The big question today is whether we have any secular political parties around in the country. With all the outcry arising out of the inclusion of non-secular themes in school textbooks, issues we can only ignore at risk to ourselves, it is fairly obvious to citizens that the secular ethos which has consistently shaped our place in history is under threat in these times. Professor Ajay Roy speaks for many of us when he draws the attention of the Prime Minister to the creeping dangers of communalism in a country the ruling Awami League continues to define as a secular nation. When Rasheda K Chowdhury expresses her worries over the communalization of education, when the leading lights of the country point to the pernicious shadow of the Hifazat in school curricula, we as a people are concerned.
Our worries are not mitigated, are not lessened by what we have coming from the Bangla Academy. The authorities there have made certain that nothing resembling or hinting at profanity or blasphemy will be permitted to creep into the books that will fill the stalls at the Ekushey boi mela beginning in a matter of days. The principle is understood, but it is the details of the plan, or their absence, which raise questions. In this country as also in some other Muslim-majority nations, the stress on cracking down on blasphemy has by and large meant dealing with those who have, consciously or otherwise, sought to denigrate the religion of Islam. That is understandable. But, again, in a country like Bangladesh, the application of blasphemy laws should have been broadened to bring into the net of trial and subsequent dispensation of justice those who have over the decades attempted to or have pounced on other faiths in the country.
There have been regular attacks on Hindus and their homes and temples in Bangladesh. There have been clear instances of political elements swearing fealty to different political parties engaging in the horrible job of intimidating the country’s Hindu population. Every Puja season in Bangladesh has placed the Hindu community in a state of alert. And with that has come the added responsibility of the law enforcing agencies to ensure that no temples are vandalized, no Hindu home comes under assault. And yet in the many nooks and corners of Bangladesh, temples have been vandalized and Hindu families have borne the brunt of communal assault.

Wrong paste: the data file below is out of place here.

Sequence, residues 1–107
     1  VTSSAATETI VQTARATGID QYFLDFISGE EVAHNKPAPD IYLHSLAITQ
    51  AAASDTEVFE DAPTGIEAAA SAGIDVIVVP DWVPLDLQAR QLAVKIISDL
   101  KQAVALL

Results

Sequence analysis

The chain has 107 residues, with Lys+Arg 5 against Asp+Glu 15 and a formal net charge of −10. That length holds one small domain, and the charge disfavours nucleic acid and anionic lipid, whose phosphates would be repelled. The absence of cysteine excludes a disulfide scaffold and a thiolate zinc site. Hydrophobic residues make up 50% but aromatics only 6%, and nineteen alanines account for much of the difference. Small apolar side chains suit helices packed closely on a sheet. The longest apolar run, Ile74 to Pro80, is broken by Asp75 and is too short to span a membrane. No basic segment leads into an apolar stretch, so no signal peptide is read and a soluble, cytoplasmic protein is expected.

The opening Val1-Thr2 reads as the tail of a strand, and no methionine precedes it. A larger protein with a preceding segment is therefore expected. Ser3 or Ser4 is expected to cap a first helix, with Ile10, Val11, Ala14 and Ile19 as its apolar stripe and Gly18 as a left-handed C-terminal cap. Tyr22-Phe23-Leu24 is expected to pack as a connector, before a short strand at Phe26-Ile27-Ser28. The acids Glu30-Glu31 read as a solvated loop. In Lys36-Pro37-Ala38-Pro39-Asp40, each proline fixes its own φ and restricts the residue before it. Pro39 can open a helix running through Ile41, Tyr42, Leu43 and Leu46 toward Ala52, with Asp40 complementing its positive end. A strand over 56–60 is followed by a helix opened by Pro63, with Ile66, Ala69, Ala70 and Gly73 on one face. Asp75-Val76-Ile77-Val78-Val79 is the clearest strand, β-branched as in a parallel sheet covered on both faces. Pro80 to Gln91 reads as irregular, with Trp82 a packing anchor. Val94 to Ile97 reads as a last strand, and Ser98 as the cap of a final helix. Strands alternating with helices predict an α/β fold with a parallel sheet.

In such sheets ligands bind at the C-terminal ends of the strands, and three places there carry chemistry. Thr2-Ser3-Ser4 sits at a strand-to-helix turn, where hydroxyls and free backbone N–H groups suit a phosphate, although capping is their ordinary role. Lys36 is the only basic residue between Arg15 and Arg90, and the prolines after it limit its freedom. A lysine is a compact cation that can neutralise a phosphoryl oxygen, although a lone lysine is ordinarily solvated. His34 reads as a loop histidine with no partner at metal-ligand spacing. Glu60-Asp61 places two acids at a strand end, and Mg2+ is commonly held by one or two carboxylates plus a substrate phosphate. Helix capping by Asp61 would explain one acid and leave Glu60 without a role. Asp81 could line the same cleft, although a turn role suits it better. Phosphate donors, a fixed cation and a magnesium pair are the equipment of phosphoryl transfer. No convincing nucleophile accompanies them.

No one has suggested, in light of such a perpetration of horror, that blasphemy has been committed. The silence has been terribly loud.
The question for the Bangla Academy is therefore plain and easy to answer: if and when the police go visiting the bookstalls checking for works that promote or smell of blasphemy, will that search include an application of blasphemy laws to religions other than that of the majority religious community as well? Since ours is not an Islamic republic — and we do not foresee it turning into one in the future — it makes sense to argue that blasphemy in Bangladesh has been committed in respect of every religion that has had a home here. The coordinated attacks on the Buddhist community in Ramu a few years ago are a point of reference. We cannot honestly say that we have been able to reassure our Buddhist citizens, post-Ramu, that their home is and always be Bangladesh. We have never said, never had the courage to state unambiguously that what was done to the Buddhists in Ramu was an act of blasphemy. Yes, it was lawlessness. But more pertinently it was a sheer, naked display of communalism on the part of those who went after the Buddhists.
The principle of a commission of blasphemy must come in every time the beliefs of a religious community come under assault. One hopes that in their new-found zeal to weed out all blasphemous thoughts from the book fair, the Bangla Academy will not paper over the rights which the Hindus, Buddhists and Christians of Bangladesh are constitutionally entitled to share with the majority Muslim population of the country. We emphasise this point because of the clear decline we have gone through over the years where the practice and propagation of religious beliefs are concerned. The Hindu population has been declining alarmingly over the decades. The country’s Christians, an increasingly small community, have largely gone silent. Our Buddhists are careful not to collide into people who do not share their faith.